Tyler Skulina of Walsh Jesuit (Cuyahoga Falls, Ohio) has a couple of goals he would like to accomplish before he graduates this year and one of them is quite simple: He wants to be perfect.
In his four years of pitching for the Warrior varsity team, Skulina has yet to lose a game. That's 24 consecutive wins for a pitcher who was named the Division II state player of the year in Ohio. If he can stay perfect, that could lead to Skulina's second goal, a state championship.
"I want to win another state championship for my teammates and my school," said Skulina, who helped the Warriors win a state title in 2008. "I also want to stay undefeated as a high school pitcher. But our team winning the state championship in 2008 was my most memorable moment on the baseball field and I want to have that feeling again."
The Warriors were ranked No. 1 in the nation for several weeks before suffering a 5-4 loss to St. Edward (Lakewood, Ohio) in the seventh inning. The loss dropped Walsh Jesuit a few spots in the MaxPreps Xcellent 25 National Rankings sponsored by Milk, but the Warriors have been steadily climbing back toward the top. At 24-1, they're poised to challenge for that state title Skulina and his teammates have been striving for. Skulina feels that his team has just the talent to get the job done.
"We have solid hitting from top to bottom and a great pitching staff with three seniors, Johnny Fasola, Greg Greve and me, that can all top 90 (mph)," Skulina said.
Fasola, a shortstop, is headed to Kansas State while Greve, a third baseman and pitcher, will play at Ohio State. Infielders Ryan Berry (1B) and Marco Caponi (2B) will play at Dayton and Butler, respectively, next year. Skulina is also a big reason why the Warriors are in contention, as he is 4-0 on the season with a 1.15 ERA. Last year he was 9-0 with a 0.75 ERA and 84 strikeouts in 56 1/3 innings pitched. Walsh Jesuit coach Chris Kaczmar says that an impressive fastball has been a big reason behind Skulina's success.
"Last year during the state semifinal at Huntington Park, I looked up in the sixth inning at the scoreboard and the radar gun said 96 mph," said Kaczmar. "I'll have that image burned in my brain for my entire lifetime. I never thought it could happen with a player under my guidance, but he's amazing. He's been a dominant player for three years now."
Skulina reaped the rewards following last year's standout season. Besides being named as a MaxPreps Baseball Underclassman All-American, he was also the Gatorade State Player of the Year, the PUKKA Ohio Player of the Year, Ohio High School Magazine Player of the Year, Louisville Slugger/Collegiate Baseball First Team All-American, Akron Beacon Journal Player of the Year and the league player of the year.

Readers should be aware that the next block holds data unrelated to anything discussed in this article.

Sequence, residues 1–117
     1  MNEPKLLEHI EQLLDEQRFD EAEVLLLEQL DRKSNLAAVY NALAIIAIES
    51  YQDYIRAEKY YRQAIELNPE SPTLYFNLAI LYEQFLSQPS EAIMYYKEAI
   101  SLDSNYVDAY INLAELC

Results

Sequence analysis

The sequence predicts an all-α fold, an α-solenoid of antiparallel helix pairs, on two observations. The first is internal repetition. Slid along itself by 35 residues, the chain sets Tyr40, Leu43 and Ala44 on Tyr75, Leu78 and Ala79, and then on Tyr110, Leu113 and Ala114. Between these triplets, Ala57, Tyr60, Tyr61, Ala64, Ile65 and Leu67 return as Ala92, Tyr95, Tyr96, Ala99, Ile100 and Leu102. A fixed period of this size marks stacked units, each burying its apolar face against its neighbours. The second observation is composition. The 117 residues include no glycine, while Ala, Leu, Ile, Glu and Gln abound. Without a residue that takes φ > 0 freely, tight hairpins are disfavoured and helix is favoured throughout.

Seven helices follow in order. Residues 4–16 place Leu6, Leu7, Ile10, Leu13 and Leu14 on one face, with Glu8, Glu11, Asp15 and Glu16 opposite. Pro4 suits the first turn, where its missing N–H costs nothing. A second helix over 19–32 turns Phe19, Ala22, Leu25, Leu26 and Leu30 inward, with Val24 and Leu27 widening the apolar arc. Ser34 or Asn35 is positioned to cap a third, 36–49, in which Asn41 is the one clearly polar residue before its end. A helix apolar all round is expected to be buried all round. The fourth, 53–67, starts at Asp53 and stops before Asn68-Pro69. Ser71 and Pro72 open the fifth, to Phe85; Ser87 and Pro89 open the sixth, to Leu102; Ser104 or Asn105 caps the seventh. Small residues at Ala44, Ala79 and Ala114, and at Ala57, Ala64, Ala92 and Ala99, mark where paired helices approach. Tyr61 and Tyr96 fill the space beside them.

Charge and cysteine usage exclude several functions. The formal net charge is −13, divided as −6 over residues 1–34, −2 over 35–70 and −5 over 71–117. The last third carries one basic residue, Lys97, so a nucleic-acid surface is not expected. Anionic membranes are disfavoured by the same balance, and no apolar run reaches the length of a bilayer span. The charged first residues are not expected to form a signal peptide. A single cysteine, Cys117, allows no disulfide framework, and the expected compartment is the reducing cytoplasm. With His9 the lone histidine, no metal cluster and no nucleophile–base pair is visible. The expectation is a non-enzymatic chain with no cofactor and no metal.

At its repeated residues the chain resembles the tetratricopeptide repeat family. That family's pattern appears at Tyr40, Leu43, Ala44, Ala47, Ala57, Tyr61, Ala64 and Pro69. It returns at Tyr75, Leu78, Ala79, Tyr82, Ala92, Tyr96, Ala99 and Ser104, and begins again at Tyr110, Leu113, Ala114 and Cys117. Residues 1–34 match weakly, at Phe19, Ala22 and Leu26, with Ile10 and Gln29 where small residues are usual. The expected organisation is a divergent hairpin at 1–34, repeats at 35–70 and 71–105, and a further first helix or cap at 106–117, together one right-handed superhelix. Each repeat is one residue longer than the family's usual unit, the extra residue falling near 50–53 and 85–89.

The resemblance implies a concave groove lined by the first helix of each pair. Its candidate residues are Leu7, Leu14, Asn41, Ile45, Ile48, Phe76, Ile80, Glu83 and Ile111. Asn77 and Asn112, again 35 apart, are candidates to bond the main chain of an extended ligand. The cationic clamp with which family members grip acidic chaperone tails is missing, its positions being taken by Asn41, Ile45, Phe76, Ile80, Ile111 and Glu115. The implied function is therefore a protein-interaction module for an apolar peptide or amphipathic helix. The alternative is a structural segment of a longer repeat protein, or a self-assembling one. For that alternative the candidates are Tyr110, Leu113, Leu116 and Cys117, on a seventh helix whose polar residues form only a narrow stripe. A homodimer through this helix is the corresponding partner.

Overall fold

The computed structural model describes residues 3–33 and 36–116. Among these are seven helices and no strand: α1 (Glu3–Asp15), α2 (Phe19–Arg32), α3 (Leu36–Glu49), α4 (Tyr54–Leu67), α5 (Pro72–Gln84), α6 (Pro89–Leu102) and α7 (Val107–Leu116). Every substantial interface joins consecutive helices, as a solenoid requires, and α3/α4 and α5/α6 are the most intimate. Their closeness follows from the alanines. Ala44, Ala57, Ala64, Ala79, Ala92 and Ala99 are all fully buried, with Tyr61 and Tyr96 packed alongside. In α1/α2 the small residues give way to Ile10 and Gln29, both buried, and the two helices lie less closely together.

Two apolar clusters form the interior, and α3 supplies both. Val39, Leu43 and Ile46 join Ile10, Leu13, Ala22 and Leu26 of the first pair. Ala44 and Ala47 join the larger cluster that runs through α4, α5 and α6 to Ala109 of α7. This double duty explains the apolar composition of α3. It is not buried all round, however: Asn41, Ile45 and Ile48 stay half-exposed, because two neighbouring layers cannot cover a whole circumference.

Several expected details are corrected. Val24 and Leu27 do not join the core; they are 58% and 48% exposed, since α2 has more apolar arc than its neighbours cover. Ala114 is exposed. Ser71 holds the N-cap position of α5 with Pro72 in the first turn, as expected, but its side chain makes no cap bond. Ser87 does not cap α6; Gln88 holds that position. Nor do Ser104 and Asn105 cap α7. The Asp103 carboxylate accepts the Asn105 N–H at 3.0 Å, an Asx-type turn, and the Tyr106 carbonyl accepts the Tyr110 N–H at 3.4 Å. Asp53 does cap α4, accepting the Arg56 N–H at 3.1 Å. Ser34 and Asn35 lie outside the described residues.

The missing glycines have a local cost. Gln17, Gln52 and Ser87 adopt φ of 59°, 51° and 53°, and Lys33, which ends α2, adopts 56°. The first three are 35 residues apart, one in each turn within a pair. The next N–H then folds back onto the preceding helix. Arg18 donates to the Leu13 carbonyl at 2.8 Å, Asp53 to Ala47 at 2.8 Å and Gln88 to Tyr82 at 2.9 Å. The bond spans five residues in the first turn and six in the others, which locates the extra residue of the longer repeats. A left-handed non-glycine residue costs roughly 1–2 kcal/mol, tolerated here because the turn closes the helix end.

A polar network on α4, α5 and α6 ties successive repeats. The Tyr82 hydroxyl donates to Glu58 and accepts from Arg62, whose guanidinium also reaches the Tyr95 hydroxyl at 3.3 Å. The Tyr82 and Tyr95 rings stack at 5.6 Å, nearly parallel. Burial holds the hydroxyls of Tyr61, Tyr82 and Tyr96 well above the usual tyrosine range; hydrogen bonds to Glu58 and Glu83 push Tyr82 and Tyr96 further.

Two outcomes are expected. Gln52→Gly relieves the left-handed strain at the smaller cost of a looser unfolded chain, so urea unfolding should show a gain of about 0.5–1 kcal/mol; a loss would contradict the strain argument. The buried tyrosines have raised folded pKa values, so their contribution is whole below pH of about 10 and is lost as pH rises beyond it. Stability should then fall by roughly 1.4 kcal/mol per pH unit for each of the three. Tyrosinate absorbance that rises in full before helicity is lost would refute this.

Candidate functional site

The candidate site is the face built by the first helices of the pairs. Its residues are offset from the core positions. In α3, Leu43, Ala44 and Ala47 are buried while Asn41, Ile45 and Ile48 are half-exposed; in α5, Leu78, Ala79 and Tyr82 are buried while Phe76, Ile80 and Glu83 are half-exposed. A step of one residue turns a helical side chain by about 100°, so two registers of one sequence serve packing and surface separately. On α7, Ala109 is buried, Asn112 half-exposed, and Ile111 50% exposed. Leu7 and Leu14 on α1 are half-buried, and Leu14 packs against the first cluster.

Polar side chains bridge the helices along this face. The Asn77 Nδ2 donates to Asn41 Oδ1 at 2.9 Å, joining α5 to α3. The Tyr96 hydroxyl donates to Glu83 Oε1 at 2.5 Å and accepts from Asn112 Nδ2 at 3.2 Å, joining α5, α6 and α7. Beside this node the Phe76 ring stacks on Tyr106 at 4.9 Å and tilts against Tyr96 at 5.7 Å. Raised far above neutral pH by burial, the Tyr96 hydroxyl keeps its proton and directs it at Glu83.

"We have been careful with his pitch count, and as good as he has been for us, I truly believe that his best days lie ahead," said Kaczmar. "He has long arms, and he has powerful, strong legs. He's the most successful baseball player in the history of Walsh Jesuit High School."
Skulina doesn't let all of the awards and attention go to his head, however.
"He is extremely humble and kind at all times off the field," said Kaczmar. "He has a tremendous demeanor and an infectious smile. He wants the ball, and he is willing to do whatever it takes for the good of the team at all times."
Skulina also puts in plenty of work when he isn't pitching.
"My pitching coach tells me that the easiest day of the week is when I get on the mound for my start," he said. "That means I train hard every other day of the week in preparation. You can never be satisfied with what you did the year before because everyone else is trying to get better, too."
All of the pressure has helped him stay calm on the mound, especially in light of all the attention he has received from professional scouts.
"My strength is my composure on the mound," said Skulina, who has committed to play at Virginia next year. "I don't get nervous before I pitch, no matter how big the game is, and I stay composed no matter how good or bad things are going. I am also super competitive; I want to not only win every game, but win every individual battle against each hitter.
"I think it’s great that scouts are at the games, but I don’t really pay that much attention to them. Yeah, I see the radar guns and stuff, but once the game gets going I am focused on what I need to do. I don't get too caught up in the hype with getting drafted, though. My focus is to have fun and enjoy my senior year of high school baseball."